Roots: Rookwood, the true (and fictitious) story of Dick Turpin. Moll Flanders, Robinson Crusoe, and Gulliver's Travels (the Dr is referred to as a 'Yahoo' and Eleanor a 'Hounhim'). His Girl Friday. Dick refers to (a fictional-become-real?) Robin Hood, and he and 'Gypsy Charlotte' quote Adam Ant's Stand and Deliver. The Grel read from A Tale of Two Cities ("It was the best of times, it was the worst of times") and The House That Jack Built. Dickens is name checked, as is Thackeray. while Charley quotes Edward Bulyer-Lytton's Richelieu; Or the Conspiracy ("the pen is mightier than the sword") and likens herself to 'the Boy Who Cried Wolf.' Rosemary as an aid for remembrance is a traditional belief, popularised in Hamlet IV(v) Sherlock Holmes ("If you eliminate...") and Shakespeare's Falstaff.
Intertextuality: The Grel first appeared in Paul Cornell's Virgin Books Bernice Summerfield New Adventure Oh No, It Isn't! and following its audio adaptation by Big Finish continued to reappear intermittently in the Bernice Summerfield audios.
Dialogue Triumphs: "It might be a blessing in disguise" "-It's a very good disguise!"
"It must be much easier to be fictional; you never have to visit the lavatory for a start."
"Words on a page, however skilfully written, can never convey the realities of losing a loved one; neither can mere words fully convey joy or love or hope. If you choose to live in a world where your grief is unreal, then you can never again experience true happiness."
"'Everything' is rather a tall order, even for me"
Double Entendres: "Damn it, Dick - fire!"
"You are only inches from my face, yet I can scarce see you, Dick"
"I'm not taking it slowly so you can ride daintily side-saddle."
"Look what you've done to Rookwood!"
Continuity: The motto of the libraries on Alexandria IV is "Let the punishment suit the crime", and the Doctor suggests that the penalties for overdue books can be strict and painful.
The Grel are cephalopods - they breathe through gills, filtering the air and as they have no noses, lack a sense of smell. They have a near pathological obsession with separating fact from fiction.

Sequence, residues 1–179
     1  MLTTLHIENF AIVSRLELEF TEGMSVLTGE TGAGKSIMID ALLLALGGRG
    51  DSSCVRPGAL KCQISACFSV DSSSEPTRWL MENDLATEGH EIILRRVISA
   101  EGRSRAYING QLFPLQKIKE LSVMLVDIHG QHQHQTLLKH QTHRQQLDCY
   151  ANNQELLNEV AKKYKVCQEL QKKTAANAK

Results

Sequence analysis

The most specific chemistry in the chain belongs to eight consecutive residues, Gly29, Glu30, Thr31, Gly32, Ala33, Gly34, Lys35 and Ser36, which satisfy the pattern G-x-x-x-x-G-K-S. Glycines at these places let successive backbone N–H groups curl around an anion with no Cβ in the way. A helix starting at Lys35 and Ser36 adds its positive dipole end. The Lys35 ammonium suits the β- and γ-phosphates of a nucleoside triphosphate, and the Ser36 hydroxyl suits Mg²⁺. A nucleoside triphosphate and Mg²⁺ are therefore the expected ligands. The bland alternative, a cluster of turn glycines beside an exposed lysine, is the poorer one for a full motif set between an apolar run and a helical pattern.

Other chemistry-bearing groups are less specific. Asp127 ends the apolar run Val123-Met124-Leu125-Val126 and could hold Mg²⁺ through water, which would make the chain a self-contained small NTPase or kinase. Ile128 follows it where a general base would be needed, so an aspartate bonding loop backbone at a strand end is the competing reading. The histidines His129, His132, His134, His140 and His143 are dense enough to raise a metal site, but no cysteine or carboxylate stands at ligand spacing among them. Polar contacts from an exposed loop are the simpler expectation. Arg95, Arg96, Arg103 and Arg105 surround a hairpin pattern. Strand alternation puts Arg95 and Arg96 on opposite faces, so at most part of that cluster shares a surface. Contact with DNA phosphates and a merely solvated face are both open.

The TARDIS' storage area appears to be able to mask any signals pertaining to items held there from outside parties - in this story it is only when Rookwood is removed from storage that the book's overdue status triggers the Alexandrian Reminder Bot.
The Doctor claims his doctorate isn't in medicine. He says his Time Lord "phagocytes" render him immune to the Grel particles (though the bouquet of rosemary does its work as well.) The copy of Rookwood he has borrowed from Alexandrios IV is over three hundred years overdue.
Links: The Doctor reuses the 'liar's paradox' - the logic puzzle with which he successfully confounded BOSS, on the Grel (The Green Death) The Doctor's suggestion of the Grel particles being due to nanoparticles, or may be viral in origin may be a hint towards the wider Viyran Strand
Q.v: 'The Viyran Strand', 'The Doctor's Doctorate'
Untelevised Adventures: The Doctor says he met Capability Brown and once witnessed him move an entire lake six feet to the left. The Doctor borrowed Rookwood from the library of Alexandria IV at a time when the story's Gothic themes were of interest to him [his early Fourth incarnation, perhaps?] but lost interest before he even began to read it.
The Bottom Line: "Sounds a most edifying tome..."
Another romp through the English canon, made clever this time by having Charley more knowledgeable of a book's contents than the Doctor. Silly in places, and ridiculous in others (giant Turpin), it's quite harmless and as good a 'straight' adventure for the Sixth Doctor and Charley as you're likely to find.